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The first turbojet aircraft to fly was the Heinkel He 178 prototype of the German Air Force, the Luftwaffe, on August 27, 1939 in Rostock, Germany

Heinkel He 178

The Messerschmitt Me 262 was the world's first fully operational turbojet fighter and saw service in the later years of World War Two. The Messerschmitt Me 262 had to potential to change the course of the air war in Europe but Hitler ordered that it be used in a capacity that undermined its whole value as a fighter plane.

The Me 262 Schwalbe (Swallow) first flew on July 18th, 1942. Its speed outclassed any plane flying at the time. However, senior members of the Luftwaffe remained cautious - a plane that flew so fast in testing did not, in their eyes, prove itself as a combat plane until it had done just that in battle.

The Me 262 first flew in combat on July 25th, 1944 when it attacked a Mosquito flying a reconnaissance mission over Munich. When it was allowed to be used solely as a fighter against bomber formations, the Me 262 was devastating with over 100 kills. However, many Me 262's never left the ground as many were destroyed by the Allies while they were on the ground. Of 1,400 produced, less than 300 ever saw combat

Messerschmitt 262 Schwalbe

 

The Gloster Meteor was the  first British and the allies  first operational Jet Aircraft. The Meteor's development was heavily reliant on its ground-breaking engines, developed by Sir Frank Whittle and his company Power Jets Ltd. Development of the aircraft began in 1940, work on the engines had started in 1936. The Meteor first flew in 1943 and commenced operations on 27 July 1944 with 616 Squadron of the RAF. Nicknamed by pilots the "Meatbox", although the Meteor was not an aerodynamically advanced aircraft, it proved to be a successful and effective combat fighter

During development, skeptical elements of the Air Ministry had expected mature piston-powered aircraft types to exceed the capabilities of the Meteor in all regards except that of speed; thus, the performance of early Meteors was considered favorable for the interceptor mission, being capable of out-diving the majority of enemy aircraft. However, the conclusion of in-service trials held between the Meteor F.3. and the Hawker Tempest V was that the performance of the Meteor exceeded the Tempest in almost all respects and that, barring some maneuverability issues, the Meteor could be considered to be a capable all-round fighter.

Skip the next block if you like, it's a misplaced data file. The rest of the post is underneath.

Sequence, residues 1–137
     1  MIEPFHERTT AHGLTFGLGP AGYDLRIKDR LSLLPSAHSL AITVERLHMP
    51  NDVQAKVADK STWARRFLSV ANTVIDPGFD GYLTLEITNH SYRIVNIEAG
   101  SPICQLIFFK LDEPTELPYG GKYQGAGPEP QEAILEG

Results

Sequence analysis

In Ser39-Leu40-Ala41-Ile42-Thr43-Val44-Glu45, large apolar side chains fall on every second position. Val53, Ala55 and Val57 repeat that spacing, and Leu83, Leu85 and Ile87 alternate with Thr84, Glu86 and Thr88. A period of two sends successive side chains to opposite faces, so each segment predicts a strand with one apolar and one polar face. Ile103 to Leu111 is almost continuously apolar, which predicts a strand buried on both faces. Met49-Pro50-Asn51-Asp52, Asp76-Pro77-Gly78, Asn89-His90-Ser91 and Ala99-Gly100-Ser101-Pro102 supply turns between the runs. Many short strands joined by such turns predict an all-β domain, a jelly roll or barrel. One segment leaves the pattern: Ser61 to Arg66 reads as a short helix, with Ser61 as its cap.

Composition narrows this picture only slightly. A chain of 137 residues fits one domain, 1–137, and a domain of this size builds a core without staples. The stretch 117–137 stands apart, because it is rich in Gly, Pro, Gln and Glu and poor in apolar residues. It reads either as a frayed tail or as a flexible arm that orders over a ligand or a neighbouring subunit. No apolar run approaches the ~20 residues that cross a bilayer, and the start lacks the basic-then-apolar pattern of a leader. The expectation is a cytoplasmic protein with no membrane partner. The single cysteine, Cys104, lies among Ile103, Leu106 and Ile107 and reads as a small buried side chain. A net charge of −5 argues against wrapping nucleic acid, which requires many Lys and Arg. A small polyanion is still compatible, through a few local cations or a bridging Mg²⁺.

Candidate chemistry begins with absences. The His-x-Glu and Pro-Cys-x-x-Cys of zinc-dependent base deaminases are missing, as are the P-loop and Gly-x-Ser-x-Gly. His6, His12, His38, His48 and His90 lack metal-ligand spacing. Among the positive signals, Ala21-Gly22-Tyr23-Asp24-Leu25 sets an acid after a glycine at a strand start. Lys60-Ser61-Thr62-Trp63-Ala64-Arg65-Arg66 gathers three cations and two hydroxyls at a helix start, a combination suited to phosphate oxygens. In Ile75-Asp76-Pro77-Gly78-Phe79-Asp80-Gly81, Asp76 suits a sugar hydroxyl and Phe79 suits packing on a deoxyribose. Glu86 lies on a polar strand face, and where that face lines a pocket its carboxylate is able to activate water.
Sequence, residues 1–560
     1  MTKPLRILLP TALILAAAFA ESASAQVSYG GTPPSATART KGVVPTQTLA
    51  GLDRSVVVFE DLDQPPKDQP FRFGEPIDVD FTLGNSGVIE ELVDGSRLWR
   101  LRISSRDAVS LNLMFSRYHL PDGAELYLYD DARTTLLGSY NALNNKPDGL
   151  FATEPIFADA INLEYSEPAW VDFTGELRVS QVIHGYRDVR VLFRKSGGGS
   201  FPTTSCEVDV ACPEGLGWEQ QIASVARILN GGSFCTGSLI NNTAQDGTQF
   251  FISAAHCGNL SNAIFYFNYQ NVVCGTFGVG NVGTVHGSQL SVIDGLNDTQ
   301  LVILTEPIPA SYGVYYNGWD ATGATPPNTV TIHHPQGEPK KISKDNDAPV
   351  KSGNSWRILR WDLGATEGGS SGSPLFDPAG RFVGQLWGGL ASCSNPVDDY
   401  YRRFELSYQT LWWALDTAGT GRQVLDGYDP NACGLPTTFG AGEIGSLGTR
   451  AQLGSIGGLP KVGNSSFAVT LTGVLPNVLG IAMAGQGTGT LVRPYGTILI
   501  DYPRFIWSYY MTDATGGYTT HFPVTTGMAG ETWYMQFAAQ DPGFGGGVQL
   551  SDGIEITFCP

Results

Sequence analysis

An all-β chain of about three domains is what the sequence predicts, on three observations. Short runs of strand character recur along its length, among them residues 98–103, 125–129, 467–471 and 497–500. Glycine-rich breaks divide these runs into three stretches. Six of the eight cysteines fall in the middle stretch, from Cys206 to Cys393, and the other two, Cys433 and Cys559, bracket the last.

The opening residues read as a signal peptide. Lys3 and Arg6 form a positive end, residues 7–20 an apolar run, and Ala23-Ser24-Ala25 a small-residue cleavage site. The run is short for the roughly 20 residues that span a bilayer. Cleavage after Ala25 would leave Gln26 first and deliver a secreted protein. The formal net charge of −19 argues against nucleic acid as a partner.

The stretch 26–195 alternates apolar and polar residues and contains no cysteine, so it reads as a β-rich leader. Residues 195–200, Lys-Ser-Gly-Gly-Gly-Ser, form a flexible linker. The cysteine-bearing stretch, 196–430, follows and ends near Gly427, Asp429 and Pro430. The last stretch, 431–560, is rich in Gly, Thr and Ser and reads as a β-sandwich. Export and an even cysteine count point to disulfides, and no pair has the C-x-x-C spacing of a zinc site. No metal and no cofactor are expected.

A total of 890 Meteors were lost in RAF service (145 of these crashes occurred in 1953 alone), resulting in the deaths of 450 pilots. Contributory factors in the number of crashes were the high fuel consumption and therefore a short flight endurance (less than one hour), causing pilots to run out of fuel, and difficult handling with one engine out due to the widely set engines. 

Gloster Meteor

 

 The de Havilland DH.100 Vampire was a British jet fighter commissioned by the Royal Air Force during the Second World War. Following the Gloster Meteor, it was the second jet fighter to enter service with the RAF. Although it arrived too late to see combat during the war, the Vampire served with front line RAF squadrons until 1953 and continued in use as a trainer until 1966, although generally the RAF relegated the Vampire to advanced training roles in the mid-1950s and the type was generally out of RAF service by the end of the decade. The Vampire also served with many air forces worldwide, setting aviation firsts and records.

De Havilland Vampire

The Engines

 The Jumo 004 was the world's first turbojet engine in production and operational use, and the first successful axial compressor jet engine ever built. Some 8,000 units were manufactured by Junkers in Germany during late World War II, powering the operational Messerschmitt Me 262 fighter jet and the Arado Ar 234 reconnaissance / bomber jet, along with prototypes including the Horten Ho 229 aircraft. Variants of the engine were produced in Eastern Europe for years following the war.

Junkers Jumo 004-B as used in the ME262

  

 

The Rolls-Royce RB.23 Welland was Britain's first production jet engine. It was designed by Frank Whittle's team at Power Jets and was originally intended to be produced by Rover as theW.2B/23. Rover's continued delays in starting production and Whittle's increasing anger over Rover going behind his back to design their own engine, the W.2B/26, led to the project being moved to Rolls-Royce where Stanley Hooker joined the team from Rolls' supercharger division. Hooker's experience in turbo compressor design, along with improved metals and combustion systems, put the engine back on track, although it was largely passed over in favour of Rover's W.2B/26, that became the Rolls-Royce Derwent.

The engine was renamed the Welland after the English river, and entered production in 1943 for use on the Gloster Meteor.

  Rolls Royce Welland as Used in The Meteor

     

 

Part identification

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Squadron Leader Dave Glaser D.F.C.

A great Man I was proud to call my friend read about him here by clicking on his picture.

65 Squadron RAF

12 August 1940

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